A weekly ode to the joys of moaning about your holiday, by Tim Roxborogh.

We don't really do group T-shirts in New Zealand. Maybe the occasional stag do, but beyond sporting events, the notion of "Hey, we're all going on holiday together, let's get some T-shirts printed up", doesn't really exist. In the US of A though? Well! Whether it's family vacations to historic sites in Washington DC or theme-park hopping in California, don't forget the T-shirts.

It could be the "Wilson Family Vacation To Disneyland 2018" or the "West Milwaukee St Andrews Presbyterian Church Retreat To Washington DC 2009" or "Cindy And Jim's 40th Wedding Anniversary 2014". No matter the occasion, if you're an American it has to be marked with a group T-shirt. And that T-shirt must be worn every day of the holiday, suggesting multiple copies of the exact shirt for all members.

I love the States, but group T-shirts have such an earnest dorkiness I can't believe they're still a thing in 2018. Though in a fast-changing, sometimes scary world, there are perhaps worse things than earnest dorkiness. Ideally, earnest dorkiness will survive the coming decades and the group holiday T-shirts will perish. May it be so.


Being scared to be alone in the Bunya Mountains

Is it embarrassing I still get a little anxious if I'm by myself in a big house? Bunya Mountains, west of Brisbane, 2016 and I was in one of the most naturally beautiful parts of Australia I'd ever seen. The Bunya Mountains get their name from the type of pine that dominates these forested slopes and the combination of cool mountain air, lush rainforest and views for miles make this a must-visit when in southern Queensland.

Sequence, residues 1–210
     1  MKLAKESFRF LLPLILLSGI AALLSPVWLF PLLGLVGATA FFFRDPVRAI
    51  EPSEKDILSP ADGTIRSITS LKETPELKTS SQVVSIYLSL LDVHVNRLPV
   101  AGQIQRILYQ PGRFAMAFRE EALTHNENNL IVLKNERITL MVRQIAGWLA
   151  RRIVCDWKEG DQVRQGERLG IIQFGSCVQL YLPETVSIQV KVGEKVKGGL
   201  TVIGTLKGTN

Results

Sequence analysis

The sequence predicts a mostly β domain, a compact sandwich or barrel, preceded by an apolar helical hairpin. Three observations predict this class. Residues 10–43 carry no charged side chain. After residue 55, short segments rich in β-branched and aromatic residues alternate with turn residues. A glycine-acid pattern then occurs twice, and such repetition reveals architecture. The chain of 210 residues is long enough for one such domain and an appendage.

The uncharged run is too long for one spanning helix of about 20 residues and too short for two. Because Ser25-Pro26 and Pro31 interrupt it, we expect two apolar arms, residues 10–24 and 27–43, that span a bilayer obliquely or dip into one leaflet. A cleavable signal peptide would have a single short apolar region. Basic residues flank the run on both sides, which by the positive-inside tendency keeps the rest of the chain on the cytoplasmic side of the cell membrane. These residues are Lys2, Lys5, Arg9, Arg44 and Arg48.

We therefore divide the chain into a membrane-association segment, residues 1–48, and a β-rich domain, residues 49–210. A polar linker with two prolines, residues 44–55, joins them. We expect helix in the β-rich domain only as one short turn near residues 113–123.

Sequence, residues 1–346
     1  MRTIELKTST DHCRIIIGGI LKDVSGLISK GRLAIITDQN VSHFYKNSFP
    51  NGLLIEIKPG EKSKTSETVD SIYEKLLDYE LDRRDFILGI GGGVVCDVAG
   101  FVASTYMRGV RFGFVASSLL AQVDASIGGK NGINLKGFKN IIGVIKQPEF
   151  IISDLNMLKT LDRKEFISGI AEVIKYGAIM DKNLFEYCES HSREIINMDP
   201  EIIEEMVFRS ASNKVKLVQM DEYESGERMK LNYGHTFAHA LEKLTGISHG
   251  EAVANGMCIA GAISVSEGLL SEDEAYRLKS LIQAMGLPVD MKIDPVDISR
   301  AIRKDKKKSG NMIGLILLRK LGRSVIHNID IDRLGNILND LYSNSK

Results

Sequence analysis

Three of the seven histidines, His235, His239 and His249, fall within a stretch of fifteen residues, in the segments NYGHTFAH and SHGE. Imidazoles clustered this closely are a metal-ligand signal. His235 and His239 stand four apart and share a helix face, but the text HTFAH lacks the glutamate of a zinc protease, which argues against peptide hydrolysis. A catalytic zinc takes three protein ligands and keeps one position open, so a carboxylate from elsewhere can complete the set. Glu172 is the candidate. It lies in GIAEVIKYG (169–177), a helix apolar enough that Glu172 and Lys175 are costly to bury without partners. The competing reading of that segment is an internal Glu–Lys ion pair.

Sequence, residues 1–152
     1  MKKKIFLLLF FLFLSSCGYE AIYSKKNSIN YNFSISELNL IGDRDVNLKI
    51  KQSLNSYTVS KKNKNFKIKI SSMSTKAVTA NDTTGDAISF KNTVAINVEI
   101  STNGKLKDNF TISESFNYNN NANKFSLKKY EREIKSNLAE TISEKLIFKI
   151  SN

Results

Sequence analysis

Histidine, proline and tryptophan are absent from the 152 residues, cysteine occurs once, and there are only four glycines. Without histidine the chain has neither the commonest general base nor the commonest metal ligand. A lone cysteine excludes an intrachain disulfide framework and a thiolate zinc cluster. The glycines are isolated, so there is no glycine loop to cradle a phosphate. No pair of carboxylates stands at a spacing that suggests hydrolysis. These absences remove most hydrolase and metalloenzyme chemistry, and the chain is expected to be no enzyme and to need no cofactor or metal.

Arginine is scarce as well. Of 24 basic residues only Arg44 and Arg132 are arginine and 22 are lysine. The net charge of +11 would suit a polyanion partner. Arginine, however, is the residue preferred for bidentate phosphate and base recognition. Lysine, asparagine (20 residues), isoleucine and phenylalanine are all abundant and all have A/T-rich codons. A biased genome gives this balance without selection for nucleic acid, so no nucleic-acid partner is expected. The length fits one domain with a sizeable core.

Travelling without the mighty fine lady who'd later become my wife, I was all alone in a four-bedroom cottage. Surrounded by wallabies and forest and not a whole lot else, I must've checked the locks on the doors and windows about 10 times.

By all accounts, the Bunya Mountains are not a high crime area, so what was I worried about?

It dawned on me that years spent living in small inner-city apartments had left me ill-equipped for the psychological leap to being on your own in a large property. I was in such an enchanting place — the cottage was A-grade cute — and on high alert for any hint of a noise. Wind in the trees? Freak out! I rang my soon-to-be wife and did my best impersonation of a frightened little boy. She calmed me somewhat and miraculously this episode evidently didn't dissuade her from marrying me. Ridiculously, if she'd been there I doubt I'd have been scared at all.

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Tim Roxborogh hosts Newstalk ZB's The Two, Coast Soul on iHeartRadio and writes the RoxboroghReport.com